Rheumatologic disorders

CRP Level Can Predict Treatment Outcome in Ankylosing Spondylitis

C-reactive protein (CRP) levels can be strong predictors of how a patient with ankylosing spondylitis (AS) will respond to tumor necrosis factor-α blocker treatment, according to results of a post hoc analysis.


“In patients with AS, both baseline and post-baseline CRP levels can be predictive of response to treatment at week 12, more consistently than patient-reported outcomes,” the researchers wrote.



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From 4 randomized trials, the researchers gathered data on 867 participants with AS treated with etanercept.


Among all participants, baseline CRP levels were normal in 43% (n=371), high in 34% (n=299), and very high in 23% (n=197).


CRP levels were considered normal at upper limit of normal (ULN) or below, elevated if higher than the ULN, high if higher than the ULN and 3 times the ULN or less, and very high if more than three times the ULN.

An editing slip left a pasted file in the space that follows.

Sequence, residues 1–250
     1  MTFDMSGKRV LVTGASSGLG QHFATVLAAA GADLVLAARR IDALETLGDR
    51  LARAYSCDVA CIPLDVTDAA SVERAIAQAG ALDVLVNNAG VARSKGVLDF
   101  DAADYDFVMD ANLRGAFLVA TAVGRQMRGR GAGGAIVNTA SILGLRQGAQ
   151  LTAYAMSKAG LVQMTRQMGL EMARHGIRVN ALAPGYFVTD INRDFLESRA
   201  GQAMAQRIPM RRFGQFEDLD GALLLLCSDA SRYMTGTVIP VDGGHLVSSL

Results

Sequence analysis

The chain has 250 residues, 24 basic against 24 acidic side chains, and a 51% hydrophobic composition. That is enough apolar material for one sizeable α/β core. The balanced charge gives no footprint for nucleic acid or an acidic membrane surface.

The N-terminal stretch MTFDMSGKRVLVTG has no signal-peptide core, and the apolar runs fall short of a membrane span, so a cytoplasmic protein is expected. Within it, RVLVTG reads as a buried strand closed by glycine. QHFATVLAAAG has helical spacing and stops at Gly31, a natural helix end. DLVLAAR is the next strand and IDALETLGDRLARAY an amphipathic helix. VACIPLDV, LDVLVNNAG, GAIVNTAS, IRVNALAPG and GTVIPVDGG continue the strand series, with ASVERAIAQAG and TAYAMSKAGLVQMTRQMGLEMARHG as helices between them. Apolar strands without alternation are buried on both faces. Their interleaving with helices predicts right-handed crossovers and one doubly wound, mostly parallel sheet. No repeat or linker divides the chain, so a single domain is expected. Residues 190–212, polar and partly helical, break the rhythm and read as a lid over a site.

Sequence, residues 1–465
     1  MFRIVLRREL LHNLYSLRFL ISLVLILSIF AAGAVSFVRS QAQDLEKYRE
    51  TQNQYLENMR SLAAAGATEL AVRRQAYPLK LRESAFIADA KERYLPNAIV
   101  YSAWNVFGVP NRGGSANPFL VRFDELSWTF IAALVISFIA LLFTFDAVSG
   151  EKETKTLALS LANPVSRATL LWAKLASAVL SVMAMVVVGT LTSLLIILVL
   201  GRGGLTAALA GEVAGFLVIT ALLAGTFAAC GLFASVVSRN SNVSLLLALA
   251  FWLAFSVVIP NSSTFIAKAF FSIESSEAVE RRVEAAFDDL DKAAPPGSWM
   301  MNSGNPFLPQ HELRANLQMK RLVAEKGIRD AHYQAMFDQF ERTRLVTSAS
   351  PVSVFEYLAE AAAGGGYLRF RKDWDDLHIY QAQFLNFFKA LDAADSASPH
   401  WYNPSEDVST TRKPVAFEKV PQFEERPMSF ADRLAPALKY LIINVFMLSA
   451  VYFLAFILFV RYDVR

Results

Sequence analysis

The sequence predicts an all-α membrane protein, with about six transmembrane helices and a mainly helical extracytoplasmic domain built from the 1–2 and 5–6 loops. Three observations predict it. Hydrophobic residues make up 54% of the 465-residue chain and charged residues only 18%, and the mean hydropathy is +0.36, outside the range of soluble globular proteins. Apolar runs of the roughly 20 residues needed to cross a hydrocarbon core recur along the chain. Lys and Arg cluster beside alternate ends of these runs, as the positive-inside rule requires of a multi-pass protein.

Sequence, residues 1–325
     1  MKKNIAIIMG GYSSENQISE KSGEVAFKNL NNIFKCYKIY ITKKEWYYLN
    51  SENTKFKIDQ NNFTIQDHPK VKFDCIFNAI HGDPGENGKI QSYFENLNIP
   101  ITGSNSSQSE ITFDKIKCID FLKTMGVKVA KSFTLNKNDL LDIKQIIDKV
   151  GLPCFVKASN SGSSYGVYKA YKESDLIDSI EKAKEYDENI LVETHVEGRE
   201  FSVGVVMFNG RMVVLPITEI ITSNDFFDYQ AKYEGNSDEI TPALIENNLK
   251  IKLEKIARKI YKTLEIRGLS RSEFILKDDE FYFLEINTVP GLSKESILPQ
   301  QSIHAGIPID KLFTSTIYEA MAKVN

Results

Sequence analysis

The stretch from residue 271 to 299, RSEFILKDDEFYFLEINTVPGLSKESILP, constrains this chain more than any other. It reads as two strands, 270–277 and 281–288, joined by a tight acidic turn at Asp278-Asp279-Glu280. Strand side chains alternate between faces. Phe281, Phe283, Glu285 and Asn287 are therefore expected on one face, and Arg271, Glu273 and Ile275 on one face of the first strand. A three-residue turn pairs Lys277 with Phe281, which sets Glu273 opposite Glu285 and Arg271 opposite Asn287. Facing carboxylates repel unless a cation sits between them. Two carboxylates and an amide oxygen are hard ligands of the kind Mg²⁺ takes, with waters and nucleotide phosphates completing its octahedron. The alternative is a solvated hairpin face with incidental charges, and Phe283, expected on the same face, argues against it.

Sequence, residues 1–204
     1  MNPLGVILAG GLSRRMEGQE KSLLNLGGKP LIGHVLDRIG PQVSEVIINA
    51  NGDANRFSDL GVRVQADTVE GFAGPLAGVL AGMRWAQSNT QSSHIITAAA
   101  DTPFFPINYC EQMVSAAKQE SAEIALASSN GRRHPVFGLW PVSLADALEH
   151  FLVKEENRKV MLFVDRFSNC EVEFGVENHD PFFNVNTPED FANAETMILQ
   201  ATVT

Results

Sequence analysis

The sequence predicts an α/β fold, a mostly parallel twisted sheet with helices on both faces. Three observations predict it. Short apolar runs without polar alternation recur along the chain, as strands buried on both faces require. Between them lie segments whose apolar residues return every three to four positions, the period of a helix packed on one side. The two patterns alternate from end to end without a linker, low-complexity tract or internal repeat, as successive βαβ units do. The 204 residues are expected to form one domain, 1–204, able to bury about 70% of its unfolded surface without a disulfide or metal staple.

The researchers evaluated CRP levels at 2, 4, and 8 weeks. In addition, baseline CRP levels and levels of patient-reported outcomes were assessed in relation to responses at 12 weeks.

A very high baseline CRP was found to be a significant predictor for all 4 week-12 outcomes compared with normal CRP levels. Yet, a normal CRP at 2, 4, and 8 weeks was a stronger predictor of response at 12 weeks than elevated CRP.


Both were more consistent predictors of response than a patient-reported outcome.


Associations between higher baseline CRP and developing AS before 40 years of age, as well as between having normal CRP and lower disease burden, were also significant.


—Colleen Murphy



Baraliakos X, Szumski A, Koenig AS, Jones H. The role of C-reactive protein as a predictor of treatment response in patients with ankylosing spondylitis. [published online November 2, 2018]. Semin Arthritis Rheum.